M.Arch Thesis - Spring 2011 - Princeton University School of Architecture
This project situates itself in the extraterritorial zone that connects one city to another and yet remains the property of neither.
The influx of potential travelers resulting from the rise of the middle-classes in India and China presents an opportunity to rethink the traveling subject and consequently the architectures of air travel. In contrast to the current paradigm which normalizes the experience of travel to that of the shopping mall and food court and which is indifferent to the reality and extremes of flight, this thesis proposes a redefinition of the gate and concourse to one that embraces the strangeness, perversity and sublimity inherent to these spaces as the primary driver of an architectural response.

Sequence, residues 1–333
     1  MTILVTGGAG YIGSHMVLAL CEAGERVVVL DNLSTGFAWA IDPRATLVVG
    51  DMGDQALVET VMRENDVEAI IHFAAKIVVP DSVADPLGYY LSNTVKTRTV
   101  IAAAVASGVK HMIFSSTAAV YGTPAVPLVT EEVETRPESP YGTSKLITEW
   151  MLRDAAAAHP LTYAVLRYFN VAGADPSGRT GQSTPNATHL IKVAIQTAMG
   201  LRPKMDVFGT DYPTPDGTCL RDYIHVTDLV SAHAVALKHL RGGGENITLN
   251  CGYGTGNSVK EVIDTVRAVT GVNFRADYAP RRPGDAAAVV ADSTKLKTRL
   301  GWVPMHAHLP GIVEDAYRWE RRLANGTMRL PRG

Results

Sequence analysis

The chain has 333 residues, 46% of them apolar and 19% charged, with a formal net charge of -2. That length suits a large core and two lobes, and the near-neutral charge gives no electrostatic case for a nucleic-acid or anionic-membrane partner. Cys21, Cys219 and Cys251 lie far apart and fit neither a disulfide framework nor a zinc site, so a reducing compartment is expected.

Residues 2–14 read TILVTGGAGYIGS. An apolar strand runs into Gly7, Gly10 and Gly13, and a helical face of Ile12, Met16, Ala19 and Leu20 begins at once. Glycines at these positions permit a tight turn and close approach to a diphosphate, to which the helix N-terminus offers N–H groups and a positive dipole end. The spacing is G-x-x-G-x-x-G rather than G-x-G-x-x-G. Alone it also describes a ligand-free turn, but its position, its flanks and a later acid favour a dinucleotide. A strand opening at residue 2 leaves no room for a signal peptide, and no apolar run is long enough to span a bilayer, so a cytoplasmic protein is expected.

Unlike conventional overland border crossings, the border at international airports depends on the buffer of a liminal and continuous extraterritorial zone. This space begins and ends with a property line that is unique in that it exists at the architectural scale as an interiorized threshold that delimits locality against exception.
This project exploits the topological and architectural potential of these border conditions and rethinks the conventional distinctions in the thresholds between local and the global, land and air, architecture and machine. Rather than an intervention at the scale of a full-scale airport, this thesis argues that we cannot talk about one airport without talking about other airports.
Thus the architectural proposition takes the form of a series of contextually-specific appendages to existing terminals. What is presented is a cross-section of three of these appendages traversed through a specific and iconic route which latches onto the existing infrastructure that connects Chicago—city of the twentieth century—to Beijing—city of the twenty-first—with a transit point at Frankfurt am Main.
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